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- The American Woman's Home - 5/80 -

And such is the blessedness of aiding to sustain a truly Christian home, that no one comes so near the pattern of the All-perfect One as those who might hold what men call a higher place, and yet humble themselves to the lowest in order to aid in training the young, "not as men-pleasers, but as servants to Christ, with good-will doing service as to the Lord, and not to men." Such are preparing for high places in the kingdom of heaven. "Whosoever will be chiefest among you, let him be your servant."

It is often the case that the true humility of Christ is not understood. It was not in having a low opinion of his own character and claims, but it was in taking a low place in order to raise others to a higher. The worldling seeks to raise himself and family to an equality with others, or, if possible, a superiority to them. The true follower of Christ comes down in order to elevate others.

The maxims and institutions of this world have ever been antagonistic to the teachings and example of Jesus Christ. Men toil for wealth, honor, and power, not as means for raising others to an equality with themselves, but mainly for earthly, selfish advantages. Although the experience of this life shows that children brought up to labor have the fairest chance for a virtuous and prosperous life, and for hope of future eternal blessedness, yet it is the aim of most parents who can do so, to lay up wealth that their children need not labor with the hands as Christ did. And although exhorted by our Lord not to lay up treasure on earth, but rather the imperishable riches which are gained in toiling to train the ignorant and reform the sinful, as yet a large portion of the professed followers of Christ, like his first disciples, are "slow of heart to believe."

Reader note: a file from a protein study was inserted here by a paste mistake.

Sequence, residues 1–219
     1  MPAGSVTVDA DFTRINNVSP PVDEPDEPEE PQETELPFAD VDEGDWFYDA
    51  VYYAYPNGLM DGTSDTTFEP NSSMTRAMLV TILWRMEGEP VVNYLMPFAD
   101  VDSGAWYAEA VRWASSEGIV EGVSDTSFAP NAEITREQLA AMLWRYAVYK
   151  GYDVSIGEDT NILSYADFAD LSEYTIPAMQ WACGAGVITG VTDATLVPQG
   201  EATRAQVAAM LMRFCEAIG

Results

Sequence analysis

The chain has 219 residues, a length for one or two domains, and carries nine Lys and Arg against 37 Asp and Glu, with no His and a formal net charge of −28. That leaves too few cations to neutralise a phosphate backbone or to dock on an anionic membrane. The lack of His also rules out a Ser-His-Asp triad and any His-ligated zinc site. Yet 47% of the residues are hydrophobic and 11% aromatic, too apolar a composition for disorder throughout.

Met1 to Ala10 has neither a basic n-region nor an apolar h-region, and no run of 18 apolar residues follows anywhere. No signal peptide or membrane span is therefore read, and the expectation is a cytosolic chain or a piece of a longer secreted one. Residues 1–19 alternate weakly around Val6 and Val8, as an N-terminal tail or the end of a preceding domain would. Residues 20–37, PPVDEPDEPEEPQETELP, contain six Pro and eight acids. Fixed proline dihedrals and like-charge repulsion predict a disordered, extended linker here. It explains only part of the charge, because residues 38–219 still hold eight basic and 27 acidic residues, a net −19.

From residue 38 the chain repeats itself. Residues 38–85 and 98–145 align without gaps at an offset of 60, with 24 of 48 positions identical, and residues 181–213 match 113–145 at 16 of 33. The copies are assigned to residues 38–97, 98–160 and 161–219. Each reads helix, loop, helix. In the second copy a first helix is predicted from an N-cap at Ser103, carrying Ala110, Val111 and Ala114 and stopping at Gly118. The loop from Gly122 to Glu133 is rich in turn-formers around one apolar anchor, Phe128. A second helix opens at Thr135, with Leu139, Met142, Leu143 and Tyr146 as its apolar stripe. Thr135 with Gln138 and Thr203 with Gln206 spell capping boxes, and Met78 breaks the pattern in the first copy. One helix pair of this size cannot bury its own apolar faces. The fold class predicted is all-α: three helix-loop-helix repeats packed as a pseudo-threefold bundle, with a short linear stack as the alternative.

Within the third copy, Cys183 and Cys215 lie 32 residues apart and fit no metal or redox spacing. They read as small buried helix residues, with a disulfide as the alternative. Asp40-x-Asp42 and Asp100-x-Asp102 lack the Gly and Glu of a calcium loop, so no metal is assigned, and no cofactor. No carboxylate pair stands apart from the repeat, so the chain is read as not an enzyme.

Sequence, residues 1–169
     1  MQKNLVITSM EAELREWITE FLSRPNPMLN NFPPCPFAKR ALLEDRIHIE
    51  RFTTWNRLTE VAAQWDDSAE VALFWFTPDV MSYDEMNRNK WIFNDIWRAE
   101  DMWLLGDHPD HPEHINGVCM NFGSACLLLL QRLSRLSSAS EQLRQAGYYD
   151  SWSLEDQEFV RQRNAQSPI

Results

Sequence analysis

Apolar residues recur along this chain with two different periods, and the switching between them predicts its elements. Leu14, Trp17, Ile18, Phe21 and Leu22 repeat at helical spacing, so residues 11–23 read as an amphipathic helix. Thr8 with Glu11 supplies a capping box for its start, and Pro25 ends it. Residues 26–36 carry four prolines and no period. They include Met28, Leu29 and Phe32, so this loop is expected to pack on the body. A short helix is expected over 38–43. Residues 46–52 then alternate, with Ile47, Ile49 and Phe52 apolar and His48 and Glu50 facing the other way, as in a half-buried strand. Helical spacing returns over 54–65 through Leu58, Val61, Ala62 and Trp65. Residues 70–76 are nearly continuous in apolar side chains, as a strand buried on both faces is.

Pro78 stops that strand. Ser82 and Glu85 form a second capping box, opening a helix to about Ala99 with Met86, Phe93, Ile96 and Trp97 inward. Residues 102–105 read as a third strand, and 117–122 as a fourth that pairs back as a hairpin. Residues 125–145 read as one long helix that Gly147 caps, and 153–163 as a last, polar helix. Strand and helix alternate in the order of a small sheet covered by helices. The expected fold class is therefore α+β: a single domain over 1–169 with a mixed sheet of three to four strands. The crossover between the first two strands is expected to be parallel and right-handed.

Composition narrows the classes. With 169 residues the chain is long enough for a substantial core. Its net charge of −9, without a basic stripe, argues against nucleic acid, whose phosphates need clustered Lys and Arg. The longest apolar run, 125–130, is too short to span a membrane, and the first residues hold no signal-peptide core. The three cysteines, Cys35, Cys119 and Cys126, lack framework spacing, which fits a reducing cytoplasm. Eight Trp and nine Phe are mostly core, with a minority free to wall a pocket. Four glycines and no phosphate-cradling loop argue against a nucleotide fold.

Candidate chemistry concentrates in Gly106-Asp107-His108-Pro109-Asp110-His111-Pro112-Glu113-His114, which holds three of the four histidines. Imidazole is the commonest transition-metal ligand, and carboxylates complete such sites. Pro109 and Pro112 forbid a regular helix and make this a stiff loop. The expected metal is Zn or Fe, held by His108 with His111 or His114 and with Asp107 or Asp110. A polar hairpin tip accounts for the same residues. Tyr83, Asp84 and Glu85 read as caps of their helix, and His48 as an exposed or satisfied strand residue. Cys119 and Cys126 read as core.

Not less have the sacred ministries of the family state been undervalued and warred upon in other directions; for example, the Romish Church has made celibacy a prime virtue, and given its highest honors to those who forsake the family state as ordained by God. Thus came great communities of monks and nuns, shut out from the love and labors of a Christian home; thus, also, came the monkish systems of education, collecting the young in great establishments away from the watch and care of parents, and the healthful and self-sacrificing labors of a home. Thus both religion and education have conspired to degrade the family state.